Thursday, September 15, 2011

Certificate of Marriage & "How to Perpetuate The Honeymoon"

My parents, Audrey Meinzen and Lee Doyle, were married 73 years ago on this date, September 15, 1938. They had three certificates of marriage: one civil and two signed by the minister who performed the marriage.

The certificate at right comes from a beautiful booklet printed in gold, red, green, and black, with the title, "Our Wedding" on the front. It has a 1916 copyright by The Methodist Book Concern. It contains the text for "The Order for the Solemnization of Matrimony" as well as the certificate, at right, several calligraphed poems/quotes, a space to list the bridal party, and five pages for guests to sign their names.

I will scan and post all the pages later this year. I'm especially pleased to see the names of the guests and to have their signatures.

My mother saved another booklet with the title "Wedlock." It contains the second church marriage certificate and the page at left, "How to Perpetuate The Honeymoon." I find the language quaint -- uncommon to my "modern" ear -- yet with sound advice for newlyweds. I've transcribed it below for easier reading.
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How to Perpetuate The Honeymoon
From Home and Health, by permission of W. H. DuPuy, A. M., D. D.

Continue your courtship. Like causes produce like effects.

Do not assume a right to neglect your companion more after marriage than you did before.

Have no secrets that you keep from your companion. A third party is always disturbing.

Avoid the appearance of evil. In matrimonial matters it is often that the mere appearance contains all the evil. Love, as soon as it rises above calculation and becomes love is exacting. It gives all, and demands all.

Make the best of the inevitable. Persist in looking at and presenting the best side. Smile and smile. A cheerful disposition can be acquired, and it will carry you thru many a discouraging situation.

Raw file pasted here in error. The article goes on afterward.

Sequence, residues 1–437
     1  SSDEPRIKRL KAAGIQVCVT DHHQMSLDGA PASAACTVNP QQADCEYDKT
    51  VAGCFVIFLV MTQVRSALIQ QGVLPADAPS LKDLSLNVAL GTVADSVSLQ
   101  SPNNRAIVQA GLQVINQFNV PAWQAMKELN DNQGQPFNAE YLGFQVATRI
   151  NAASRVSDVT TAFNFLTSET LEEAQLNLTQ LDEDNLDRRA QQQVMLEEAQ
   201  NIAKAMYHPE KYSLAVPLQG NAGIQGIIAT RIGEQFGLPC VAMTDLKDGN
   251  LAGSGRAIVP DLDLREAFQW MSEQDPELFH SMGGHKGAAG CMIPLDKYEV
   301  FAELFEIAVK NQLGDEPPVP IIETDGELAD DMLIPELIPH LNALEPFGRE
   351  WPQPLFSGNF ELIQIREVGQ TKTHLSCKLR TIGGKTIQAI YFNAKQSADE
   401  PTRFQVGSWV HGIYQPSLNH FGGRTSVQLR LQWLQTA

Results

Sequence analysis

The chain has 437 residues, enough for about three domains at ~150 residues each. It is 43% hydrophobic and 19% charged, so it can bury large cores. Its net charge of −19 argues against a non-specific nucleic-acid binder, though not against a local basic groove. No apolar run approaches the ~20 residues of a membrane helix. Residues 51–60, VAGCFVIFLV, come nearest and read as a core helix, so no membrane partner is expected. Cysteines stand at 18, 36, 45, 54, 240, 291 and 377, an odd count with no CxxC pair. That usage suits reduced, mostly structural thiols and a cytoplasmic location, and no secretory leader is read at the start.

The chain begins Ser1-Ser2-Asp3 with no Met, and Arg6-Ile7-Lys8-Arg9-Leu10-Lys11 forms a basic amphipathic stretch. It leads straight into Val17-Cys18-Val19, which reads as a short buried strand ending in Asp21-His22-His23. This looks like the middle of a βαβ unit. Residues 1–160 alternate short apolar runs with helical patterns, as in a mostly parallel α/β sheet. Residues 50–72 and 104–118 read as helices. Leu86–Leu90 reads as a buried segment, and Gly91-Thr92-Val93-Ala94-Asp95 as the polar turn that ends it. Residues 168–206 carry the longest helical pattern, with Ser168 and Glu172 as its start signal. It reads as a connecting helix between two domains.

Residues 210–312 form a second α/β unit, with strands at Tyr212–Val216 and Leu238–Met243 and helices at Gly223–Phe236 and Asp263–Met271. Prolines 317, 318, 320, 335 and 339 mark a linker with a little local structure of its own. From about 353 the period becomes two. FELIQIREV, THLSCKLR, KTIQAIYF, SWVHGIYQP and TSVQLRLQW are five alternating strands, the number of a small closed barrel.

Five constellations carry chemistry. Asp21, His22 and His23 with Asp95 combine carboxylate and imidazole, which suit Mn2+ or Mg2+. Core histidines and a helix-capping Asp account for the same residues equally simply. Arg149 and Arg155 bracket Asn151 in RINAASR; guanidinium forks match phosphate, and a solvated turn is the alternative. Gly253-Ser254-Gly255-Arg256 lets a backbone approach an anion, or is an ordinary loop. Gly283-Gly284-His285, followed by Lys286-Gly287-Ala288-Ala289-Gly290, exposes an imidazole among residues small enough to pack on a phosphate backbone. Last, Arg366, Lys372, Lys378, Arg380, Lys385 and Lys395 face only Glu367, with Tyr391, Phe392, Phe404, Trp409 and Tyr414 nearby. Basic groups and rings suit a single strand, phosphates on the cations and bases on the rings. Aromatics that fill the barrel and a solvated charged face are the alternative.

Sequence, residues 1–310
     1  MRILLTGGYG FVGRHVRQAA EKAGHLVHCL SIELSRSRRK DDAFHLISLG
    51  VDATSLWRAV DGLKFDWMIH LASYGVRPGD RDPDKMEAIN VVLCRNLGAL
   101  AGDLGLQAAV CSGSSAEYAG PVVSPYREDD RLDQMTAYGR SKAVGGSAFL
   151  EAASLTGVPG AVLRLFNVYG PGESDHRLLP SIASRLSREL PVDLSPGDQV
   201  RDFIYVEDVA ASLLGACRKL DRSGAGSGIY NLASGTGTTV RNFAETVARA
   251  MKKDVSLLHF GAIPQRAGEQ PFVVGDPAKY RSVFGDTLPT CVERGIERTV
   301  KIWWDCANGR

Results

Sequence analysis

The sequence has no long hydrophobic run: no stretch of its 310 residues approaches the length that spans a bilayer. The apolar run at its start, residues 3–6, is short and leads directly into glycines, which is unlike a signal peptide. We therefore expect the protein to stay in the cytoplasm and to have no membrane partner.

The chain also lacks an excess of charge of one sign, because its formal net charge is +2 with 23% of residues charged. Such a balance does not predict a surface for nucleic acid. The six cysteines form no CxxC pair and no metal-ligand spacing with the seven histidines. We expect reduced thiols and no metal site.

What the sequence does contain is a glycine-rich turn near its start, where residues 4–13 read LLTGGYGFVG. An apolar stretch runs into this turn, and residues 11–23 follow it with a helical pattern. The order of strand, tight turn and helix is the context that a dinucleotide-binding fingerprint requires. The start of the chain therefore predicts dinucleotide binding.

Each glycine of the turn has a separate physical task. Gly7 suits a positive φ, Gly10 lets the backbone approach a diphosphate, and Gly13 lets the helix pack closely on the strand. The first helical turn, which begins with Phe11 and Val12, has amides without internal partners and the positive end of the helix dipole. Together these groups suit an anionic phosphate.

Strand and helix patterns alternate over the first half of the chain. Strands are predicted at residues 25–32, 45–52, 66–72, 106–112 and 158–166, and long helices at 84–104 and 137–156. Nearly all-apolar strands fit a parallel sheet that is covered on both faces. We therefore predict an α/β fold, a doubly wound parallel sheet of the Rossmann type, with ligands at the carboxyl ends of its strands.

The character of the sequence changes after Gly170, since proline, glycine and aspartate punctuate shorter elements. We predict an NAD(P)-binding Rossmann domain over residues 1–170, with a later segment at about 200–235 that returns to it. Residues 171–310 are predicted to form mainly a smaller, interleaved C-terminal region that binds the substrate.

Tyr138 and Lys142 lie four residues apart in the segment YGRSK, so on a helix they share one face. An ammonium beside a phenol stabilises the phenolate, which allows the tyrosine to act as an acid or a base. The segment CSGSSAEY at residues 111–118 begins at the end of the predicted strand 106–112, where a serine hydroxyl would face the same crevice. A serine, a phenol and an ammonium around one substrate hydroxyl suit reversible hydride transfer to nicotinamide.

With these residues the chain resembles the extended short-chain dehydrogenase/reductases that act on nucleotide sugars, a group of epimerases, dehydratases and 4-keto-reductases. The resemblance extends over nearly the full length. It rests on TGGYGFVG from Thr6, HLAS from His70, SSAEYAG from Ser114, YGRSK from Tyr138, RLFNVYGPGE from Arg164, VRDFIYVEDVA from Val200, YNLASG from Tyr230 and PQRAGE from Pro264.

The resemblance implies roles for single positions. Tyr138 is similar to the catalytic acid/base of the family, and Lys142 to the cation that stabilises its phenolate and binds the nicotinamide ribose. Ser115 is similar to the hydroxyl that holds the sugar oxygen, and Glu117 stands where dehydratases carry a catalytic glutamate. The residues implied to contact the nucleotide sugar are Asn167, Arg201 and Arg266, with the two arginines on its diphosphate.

Keep a lively interest in the business of the firm. Two that do not pull together, are weaker than either alone.

Start from where your parents started, rather than where they now are. Hollow and showy boarding often furnishes too strong temptation, while the quietness of a humble home would cement the hearts beyond risk.

Avoid debt. Spend your own money, then it will not be necessary to blame anyone for spending other peoples.

Do not both get angry at the same time. It takes two to make a quarrel.

Do not allow yourself ever to come to an open rupture. Things unsaid need less repentance.

Study to understand your companion's disposition, in order to please and avoid friction. Try to conform your tastes and habits to the tastes and habits of your companion. If two walk together, they must agree.

Gauge your expenses by your revenues. Love must eat. The sheriff often levies on Cupid long before he takes away the old furniture.
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Happy Anniversary, Mom and Dad. I hope many are celebrating with you.

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